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Brian Johnson was trained as an art teacher and has taught painting, photography and history of art for a number of years.  

From 1976 to 1996 he was principal of the Frank Joubert Art Centre in Newlands. Here he taught painting, history of art, and photography. He also taught photography part time at Cedar House, an independent school in Kenilworth.

In 1989 he was awarded a D.Litt et Phil degree from UNISA for his thesis on the architecture of Sir Herbert Baker.

Enamel has been used for about 4000 years to decorate metal.  It has been done on gold, silver, bronze, or (as in this case) on copper.   The designs are applied by hand either by painting or in-laying with powdered glass.  Engraving, wire inlay (cloisonné) or silver foil is used in different ways for effect.  The result is fired in a kiln or by torch.    

During the 1970’s enamelling was a popular craft even here in South Africa and the materials were stocked by a number of the craft shops throughout the country.    But like macramé, and jewellery made out of epoxy clay, it faded out. Brian had acquired some powders and a stove-top kiln, and made a few enamel cufflinks and earrings.

There matters rested until Margaret Fairhurst established an enameller’s guild in the 1980’s, and for ten years promoted the art, taught interested amateurs and generally kept interest alive.   Brian became secretary of the guild, but eventually even this initiative failed to spark a revival of the craft in South Africa.   The materials were not being stocked locally and equipment was difficult to find – as is still the case.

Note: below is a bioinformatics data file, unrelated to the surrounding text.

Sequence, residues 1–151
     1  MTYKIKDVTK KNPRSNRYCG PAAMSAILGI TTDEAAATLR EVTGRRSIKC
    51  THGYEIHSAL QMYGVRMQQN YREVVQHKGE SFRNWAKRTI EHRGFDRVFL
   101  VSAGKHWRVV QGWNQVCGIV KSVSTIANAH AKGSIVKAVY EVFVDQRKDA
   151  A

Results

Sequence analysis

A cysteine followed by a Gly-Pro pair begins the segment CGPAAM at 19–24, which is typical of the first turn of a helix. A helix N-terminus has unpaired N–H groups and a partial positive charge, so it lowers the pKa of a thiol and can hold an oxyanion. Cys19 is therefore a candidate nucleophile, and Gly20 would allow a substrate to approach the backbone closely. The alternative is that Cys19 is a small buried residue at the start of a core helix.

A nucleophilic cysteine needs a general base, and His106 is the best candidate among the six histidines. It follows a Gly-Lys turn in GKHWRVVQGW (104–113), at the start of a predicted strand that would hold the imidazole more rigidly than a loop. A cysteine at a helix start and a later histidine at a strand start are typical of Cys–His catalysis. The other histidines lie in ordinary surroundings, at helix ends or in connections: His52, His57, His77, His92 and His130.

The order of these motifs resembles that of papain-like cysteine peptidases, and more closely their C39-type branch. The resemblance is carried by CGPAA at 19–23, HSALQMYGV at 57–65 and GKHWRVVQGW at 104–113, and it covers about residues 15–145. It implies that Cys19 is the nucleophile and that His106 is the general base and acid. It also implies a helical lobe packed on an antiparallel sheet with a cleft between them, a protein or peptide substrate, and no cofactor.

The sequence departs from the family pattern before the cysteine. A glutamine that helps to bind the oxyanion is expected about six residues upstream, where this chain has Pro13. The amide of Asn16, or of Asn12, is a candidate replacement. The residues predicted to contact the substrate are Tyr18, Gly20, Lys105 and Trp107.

Enamelling is taught at some tertiary institutions as part of jewellery design and there are a number of very skilled practitioners of the craft in this industry in the Cape Town area.   Brian has developed the art of enamelling more particularly as a pictorial medium.
The process is very time-consuming.   The copper needs to be cleaned thoroughly and coated with a layer of transparent flux.   At this stage wire (which can be copper or fine silver, drawn to a rectangular section) can be inlaid into the flux, and silver foil applied for greater reflectance.  After re-firing, colours are inlaid and re-fired.  The projecting wire is “stoned” down and re-fired until the desired effect is achieved, often only after numerous firings and stonings.   Enamels can also be “dusted” on, or painted in diluted form. Working with a gas torch allows for “reduction” effects similar to those in ceramics but is not suitable for use when silver wire is involved.

Brian has sold work in galleries in the UK and to local collectors.


Dream now, dream not, the annual Winter Solstice Exhibition, The Cape Gallery

Brian Johnson
View larger image
Title:Emergence I
Size: 10 x 10 cm
Media: Enamel
ID: 27435
Price: R 3 500 Framed
On Show I Where to find us I The Gallery I On Exhibition I ArtistsI Payment details

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